Movement elder, Marshall Ganz, shares his organizing wisdom

Marshall Ganz is one great social movement elder.  He organized with Caser Chavez to build the United Farm Workers of America Union in the 1960s. He helped set the grassroots strategy that underpinned Obama’s 2008 presidential campaign.  And Ganz has also spent the last decade or so teaching and writing about social movements at Harvard University.

Ganz has a lot of useful information to share!  His two websites (he’s got the Practicing Democracy Network one and then his Harvard University one) are chock-full of ideas, tools and resources for organizers.

Some highlights include the detailed lecture notes of Marshall Ganz Organizing: People, Power, and Change course.   This 100 page document contains the essence of 50 years of social movement campaigning.  In this document, Ganz outlines his understanding of organizing, the art of learning to organize, campaigning, story telling, building leaders, and  more.

I enjoy Ganz’ anologies – comparing campaigning to snow falling on the ground, slowing building momentum, flake by flake.  I also appreciate Ganz’ neat way of breaking down hard concepts, such as distinguishing organizing from other social change efforts, like social service and social marketing. I am often faced with this question when I’m talking to people who are new to activism. Check out this diagram.

 I also appreciate his diagram documenting the stages of a campaign.
Ganz’ theory of a campaign complements the campaign diagram typically used by organizers with the Ruckus network.
Other useful resources on the website include:

Ganz’s theory on narrative, which is being embraced by social movement groups across North America.  Essentially, Ganz argues that organizers should a) encourage individuals to personally develop a story of why they have been called to action (a story of self), b) help a group develop a story of why we have been called (the story of us), and c) help the group collectively develop a story about the urgent challenge on which we are called to act (the story of now).

Ganz uses Obama’s 2004 speech at the Democratic National Convention to expand his theory.  To quote Ganz, “In Obama’s “story of self” he recounts three key choice points: his grandfather’s decision to send his son to America to study, his parent’s “improbable” decision to marry, and his parent’s decision to name him Barack, blessing, an expression of faith in a tolerant and generous America. Each choice communicates courage, hope, and caring. He tells us nothing of his resume, preferring to introduce himself by telling us where he came from, and who made him the person that he is, so that we might have an idea of where he is going.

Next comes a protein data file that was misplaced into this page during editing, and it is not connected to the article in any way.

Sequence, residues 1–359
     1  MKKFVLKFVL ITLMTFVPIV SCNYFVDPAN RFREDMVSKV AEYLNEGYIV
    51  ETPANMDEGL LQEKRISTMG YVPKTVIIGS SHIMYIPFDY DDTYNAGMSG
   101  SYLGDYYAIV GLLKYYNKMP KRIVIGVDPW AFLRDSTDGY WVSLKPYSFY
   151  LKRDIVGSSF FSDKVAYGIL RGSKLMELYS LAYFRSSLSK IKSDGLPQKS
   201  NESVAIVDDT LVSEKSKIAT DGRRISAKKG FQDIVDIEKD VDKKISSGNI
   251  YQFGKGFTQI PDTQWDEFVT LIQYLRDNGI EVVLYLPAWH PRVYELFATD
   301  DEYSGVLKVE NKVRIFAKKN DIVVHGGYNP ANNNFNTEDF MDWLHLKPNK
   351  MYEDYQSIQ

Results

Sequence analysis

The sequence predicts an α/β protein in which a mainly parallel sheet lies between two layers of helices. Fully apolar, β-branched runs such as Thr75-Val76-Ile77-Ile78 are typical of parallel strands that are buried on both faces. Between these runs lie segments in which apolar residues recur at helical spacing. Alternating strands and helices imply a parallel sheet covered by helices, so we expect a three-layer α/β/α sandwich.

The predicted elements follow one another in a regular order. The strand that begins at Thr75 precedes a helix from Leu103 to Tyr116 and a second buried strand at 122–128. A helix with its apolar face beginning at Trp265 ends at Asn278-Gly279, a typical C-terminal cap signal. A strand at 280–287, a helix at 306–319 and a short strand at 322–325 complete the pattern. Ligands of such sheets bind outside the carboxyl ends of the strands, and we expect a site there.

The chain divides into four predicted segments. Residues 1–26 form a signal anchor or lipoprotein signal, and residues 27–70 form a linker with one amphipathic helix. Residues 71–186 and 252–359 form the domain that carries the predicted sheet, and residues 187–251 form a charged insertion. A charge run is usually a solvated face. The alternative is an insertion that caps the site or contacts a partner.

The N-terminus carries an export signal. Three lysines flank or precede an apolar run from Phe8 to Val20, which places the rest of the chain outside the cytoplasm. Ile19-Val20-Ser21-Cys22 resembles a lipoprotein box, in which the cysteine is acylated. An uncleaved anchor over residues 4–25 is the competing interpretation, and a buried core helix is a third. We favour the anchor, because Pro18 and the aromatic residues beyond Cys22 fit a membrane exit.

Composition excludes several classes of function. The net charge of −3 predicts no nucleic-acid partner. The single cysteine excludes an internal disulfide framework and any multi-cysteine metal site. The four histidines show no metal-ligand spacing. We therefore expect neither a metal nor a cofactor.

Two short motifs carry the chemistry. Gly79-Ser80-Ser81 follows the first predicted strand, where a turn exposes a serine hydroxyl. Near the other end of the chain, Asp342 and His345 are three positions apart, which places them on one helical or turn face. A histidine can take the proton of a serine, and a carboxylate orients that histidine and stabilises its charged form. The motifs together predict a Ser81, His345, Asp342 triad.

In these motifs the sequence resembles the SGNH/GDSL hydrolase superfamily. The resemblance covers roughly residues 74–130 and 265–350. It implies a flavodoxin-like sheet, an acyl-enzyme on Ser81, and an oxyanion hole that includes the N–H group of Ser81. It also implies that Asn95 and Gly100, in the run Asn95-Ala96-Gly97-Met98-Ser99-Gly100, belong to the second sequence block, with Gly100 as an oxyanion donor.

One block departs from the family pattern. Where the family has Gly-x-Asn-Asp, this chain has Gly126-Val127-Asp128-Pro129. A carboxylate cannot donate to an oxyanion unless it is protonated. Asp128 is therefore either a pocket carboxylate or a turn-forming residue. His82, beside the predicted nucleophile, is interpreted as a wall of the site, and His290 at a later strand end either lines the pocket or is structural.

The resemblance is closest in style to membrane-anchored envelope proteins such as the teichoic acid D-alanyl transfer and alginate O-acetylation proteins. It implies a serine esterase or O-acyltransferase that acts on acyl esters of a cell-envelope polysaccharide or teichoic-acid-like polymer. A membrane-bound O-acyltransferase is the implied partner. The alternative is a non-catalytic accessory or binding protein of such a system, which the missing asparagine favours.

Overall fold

“Obama moves into his “story of us” when he declares, “My story is part of the American story”, and proceeds to lift of values of the American he shares with his listeners – the people in the room, the people watching on television, the people who will read about it the next day. And he begins by going back to the beginning, to choices made by the founders to begin this nation, a beginning that he locates in the Declaration of Independence, a repository of the value of equality, in particular. He then cites a series of moments that evoke values shared by his audience.

“Obama moves to his “story of now” with the phrase, “There is more work left to do.” After we have shared in the experience of values we identify with America at its best, he confronts us with the fact that they are not realized in practice. He then tells stories of specific people in specific places with specific problems. As we identify with each of them, our empathy reminds of pain we have felt in our own lives. But, he also reminds us, all this could change. And we know it could change. And it could change because we have a way to make the change, if we choose to take it. And that way is to support the election of Sen. John Kerry.Although that last part didn’t work out, the point is that he concluded his story of now with a very specific choice he calls upon us to make.”

For a more detailed breakdown of Ganz’ narrative theory check out the:

Other useful resources on Ganz’ websites include:
  • Caser Chavez recounting his experiences organizing the United Farm Workers of America Union in the Organizer’s Tale and
  • The Citizen’s Handbook, which is Charles Dobson’s super comprehensive handbook on community organizing.

Yep, there’s a month of reading in here! And it’s valuable stuff.



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